Sunday, November 9, 2008

Flogging a Dead Horse Feeder

The two hay feeders I built for the horses are approaching the end of their first half life. No major repairs have been needed thus far, but nothing made of wood lasts for long in a rain forest (hence the steel shelter). Like any good engineer I am already working on an improved design to be implemented next summer. Two treated posts will be required to hold the whole thing up, but otherwise it will be made entirely of steel. For anyone interested in the construction of slow-release hay feeders, this site recently came to my attention. There are some great ideas here, though none of them appropriate for the wet coast (with the exception of this huge round bale net -- brilliant!).


Funder said...

Ohhhh I liked that link! Really innovative.

Liked the old feeder too - what are you planning on changing about it? Do you or David know how to weld, or are you going to hire it out?

The Barb Wire just finished up a pretty good series on equine gastric ulcers. This post about prevention meshes nicely with your hay feeder, I think. Sort of the opposite end of the spectrum from your problem, but the same solution.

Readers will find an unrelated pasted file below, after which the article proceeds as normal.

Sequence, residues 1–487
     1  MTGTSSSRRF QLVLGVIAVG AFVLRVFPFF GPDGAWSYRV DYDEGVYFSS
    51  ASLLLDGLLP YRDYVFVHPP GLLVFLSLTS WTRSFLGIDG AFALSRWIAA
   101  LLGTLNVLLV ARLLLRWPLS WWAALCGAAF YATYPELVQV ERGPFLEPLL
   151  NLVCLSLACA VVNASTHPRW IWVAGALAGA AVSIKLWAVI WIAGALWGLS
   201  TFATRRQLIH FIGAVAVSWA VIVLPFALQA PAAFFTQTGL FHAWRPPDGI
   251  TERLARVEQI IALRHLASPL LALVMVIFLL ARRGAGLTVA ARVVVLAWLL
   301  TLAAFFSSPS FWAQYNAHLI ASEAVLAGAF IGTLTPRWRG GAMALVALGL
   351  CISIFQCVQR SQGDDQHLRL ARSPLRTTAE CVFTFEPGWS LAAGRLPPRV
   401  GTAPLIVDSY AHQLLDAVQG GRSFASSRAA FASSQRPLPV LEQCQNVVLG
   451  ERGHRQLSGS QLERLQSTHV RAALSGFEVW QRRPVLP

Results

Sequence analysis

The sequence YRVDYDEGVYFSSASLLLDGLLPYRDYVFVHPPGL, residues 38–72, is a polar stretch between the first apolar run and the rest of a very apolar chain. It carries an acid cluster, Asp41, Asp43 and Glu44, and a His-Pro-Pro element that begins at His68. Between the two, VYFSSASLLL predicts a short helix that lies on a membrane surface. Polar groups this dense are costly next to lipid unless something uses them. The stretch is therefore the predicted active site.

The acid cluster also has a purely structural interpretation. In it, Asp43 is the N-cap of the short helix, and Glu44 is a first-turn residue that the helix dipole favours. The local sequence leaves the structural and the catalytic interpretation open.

It's weird how we (in general) cause so many of our horses' problems by treating them like humans. The road to hell, etc.

allhorsestuff said...

What a neat link, and the ideas are fabulious!
I liked your feeder as well, making it steel next ..great for wet ,huh!

Brandy said...

Good idea, using steel! And wow, that bale holder is awesome!

Do you have problems with the goats climbing up or pulling on them, or do they get enough from what the horses drop? Plus, they're small, I keep forgetting how tiny they really are! If the net is shoulder high to you and the horses, the goats probably can't even reach it!

I love making stuff and modifying it for my own uses, it's really satisfying - especially when you end up saving a huge percentage over that top-of-the-line store bought one that really doesn't suit!

dp said...

Funder: Weld? I think I learned how to solder in grade 6. Seriously, though, I don't think any welding will be necessary. You'll see in the next week or so.

Brandy: We hang the nets so that the goats can reach them on their hind legs, about shoulder-high for the horses. Any lower and they would be goat traps for sure. I shudder to think of the trouble they could get themselves in to.